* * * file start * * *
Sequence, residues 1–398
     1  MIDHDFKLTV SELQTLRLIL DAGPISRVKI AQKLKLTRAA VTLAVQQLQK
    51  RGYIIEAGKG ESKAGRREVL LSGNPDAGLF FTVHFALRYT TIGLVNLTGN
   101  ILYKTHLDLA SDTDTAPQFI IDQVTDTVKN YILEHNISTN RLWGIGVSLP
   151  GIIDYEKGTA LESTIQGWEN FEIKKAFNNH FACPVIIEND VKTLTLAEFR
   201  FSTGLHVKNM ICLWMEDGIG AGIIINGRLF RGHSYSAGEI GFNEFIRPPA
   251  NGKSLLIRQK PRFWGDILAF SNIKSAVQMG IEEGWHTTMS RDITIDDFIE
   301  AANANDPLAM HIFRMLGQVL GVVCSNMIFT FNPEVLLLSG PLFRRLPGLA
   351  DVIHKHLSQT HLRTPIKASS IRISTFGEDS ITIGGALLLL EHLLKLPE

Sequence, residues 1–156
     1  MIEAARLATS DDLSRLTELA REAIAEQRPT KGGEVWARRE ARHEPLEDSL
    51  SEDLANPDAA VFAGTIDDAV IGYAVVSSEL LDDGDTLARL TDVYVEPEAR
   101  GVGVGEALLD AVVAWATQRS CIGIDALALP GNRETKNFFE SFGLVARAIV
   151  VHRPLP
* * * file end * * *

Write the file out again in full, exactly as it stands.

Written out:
Sequence, residues 1–398
     1  MIDHDFKLTV SELQTLRLIL DAGPISRVKI AQKLKLTRAA VTLAVQQLQK
    51  RGYIIEAGKG ESKAGRREVL LSGNPDAGLF FTVHFALRYT TIGLVNLTGN
   101  ILYKTHLDLA SDTDTAPQFI IDQVTDTVKN YILEHNISTN RLWGIGVSLP
   151  GIIDYEKGTA LESTIQGWEN FEIKKAFNNH FACPVIIEND VKTLTLAEFR
   201  FSTGLHVKNM ICLWMEDGIG AGIIINGRLF RGHSYSAGEI GFNEFIRPPA
   251  NGKSLLIRQK PRFWGDILAF SNIKSAVQMG IEEGWHTTMS RDITIDDFIE
   301  AANANDPLAM HIFRMLGQVL GVVCSNMIFT FNPEVLLLSG PLFRRLPGLA
   351  DVIHKHLSQT HLRTPIKASS IRISTFGEDS ITIGGALLLL EHLLKLPE

Sequence, residues 1–156
     1  MIEAARLATS DDLSRLTELA REAIAEQRPT KGGEVWARRE ARHEPLEDSL
    51  SEDLANPDAA VFAGTIDDAV IGYAVVSSEL LDDGDTLARL TDVYVEPEAR
   101  GVGVGEALLD AVVAWATQRS CIGIDALALP GNRETKNFFE SFGLVARAIV
   151  VHRPLP